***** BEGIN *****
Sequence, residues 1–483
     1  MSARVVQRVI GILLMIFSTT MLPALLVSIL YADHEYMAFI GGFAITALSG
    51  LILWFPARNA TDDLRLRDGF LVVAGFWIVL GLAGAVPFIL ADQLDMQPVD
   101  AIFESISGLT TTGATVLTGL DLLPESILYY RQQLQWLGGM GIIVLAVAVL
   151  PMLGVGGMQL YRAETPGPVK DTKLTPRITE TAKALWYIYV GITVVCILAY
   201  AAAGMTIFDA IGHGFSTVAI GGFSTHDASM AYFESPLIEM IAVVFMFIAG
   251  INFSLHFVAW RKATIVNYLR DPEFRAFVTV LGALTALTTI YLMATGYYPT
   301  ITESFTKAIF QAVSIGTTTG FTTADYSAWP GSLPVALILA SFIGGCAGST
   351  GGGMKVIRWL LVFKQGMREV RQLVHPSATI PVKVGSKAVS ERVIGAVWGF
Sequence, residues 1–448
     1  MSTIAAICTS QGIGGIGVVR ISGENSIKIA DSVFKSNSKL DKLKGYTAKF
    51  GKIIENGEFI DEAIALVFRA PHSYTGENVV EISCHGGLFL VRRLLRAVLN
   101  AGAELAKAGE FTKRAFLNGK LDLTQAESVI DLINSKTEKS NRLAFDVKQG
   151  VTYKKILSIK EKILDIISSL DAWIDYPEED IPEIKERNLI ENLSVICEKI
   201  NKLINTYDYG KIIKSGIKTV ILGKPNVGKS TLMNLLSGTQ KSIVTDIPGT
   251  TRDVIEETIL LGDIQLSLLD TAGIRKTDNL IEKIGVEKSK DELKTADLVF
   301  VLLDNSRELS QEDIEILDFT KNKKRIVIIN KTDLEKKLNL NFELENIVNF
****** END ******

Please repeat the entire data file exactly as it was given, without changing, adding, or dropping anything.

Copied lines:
Sequence, residues 1–483
     1  MSARVVQRVI GILLMIFSTT MLPALLVSIL YADHEYMAFI GGFAITALSG
    51  LILWFPARNA TDDLRLRDGF LVVAGFWIVL GLAGAVPFIL ADQLDMQPVD
   101  AIFESISGLT TTGATVLTGL DLLPESILYY RQQLQWLGGM GIIVLAVAVL
   151  PMLGVGGMQL YRAETPGPVK DTKLTPRITE TAKALWYIYV GITVVCILAY
   201  AAAGMTIFDA IGHGFSTVAI GGFSTHDASM AYFESPLIEM IAVVFMFIAG
   251  INFSLHFVAW RKATIVNYLR DPEFRAFVTV LGALTALTTI YLMATGYYPT
   301  ITESFTKAIF QAVSIGTTTG FTTADYSAWP GSLPVALILA SFIGGCAGST
   351  GGGMKVIRWL LVFKQGMREV RQLVHPSATI PVKVGSKAVS ERVIGAVWGF
Sequence, residues 1–448
     1  MSTIAAICTS QGIGGIGVVR ISGENSIKIA DSVFKSNSKL DKLKGYTAKF
    51  GKIIENGEFI DEAIALVFRA PHSYTGENVV EISCHGGLFL VRRLLRAVLN
   101  AGAELAKAGE FTKRAFLNGK LDLTQAESVI DLINSKTEKS NRLAFDVKQG
   151  VTYKKILSIK EKILDIISSL DAWIDYPEED IPEIKERNLI ENLSVICEKI
   201  NKLINTYDYG KIIKSGIKTV ILGKPNVGKS TLMNLLSGTQ KSIVTDIPGT
   251  TRDVIEETIL LGDIQLSLLD TAGIRKTDNL IEKIGVEKSK DELKTADLVF
   301  VLLDNSRELS QEDIEILDFT KNKKRIVIIN KTDLEKKLNL NFELENIVNF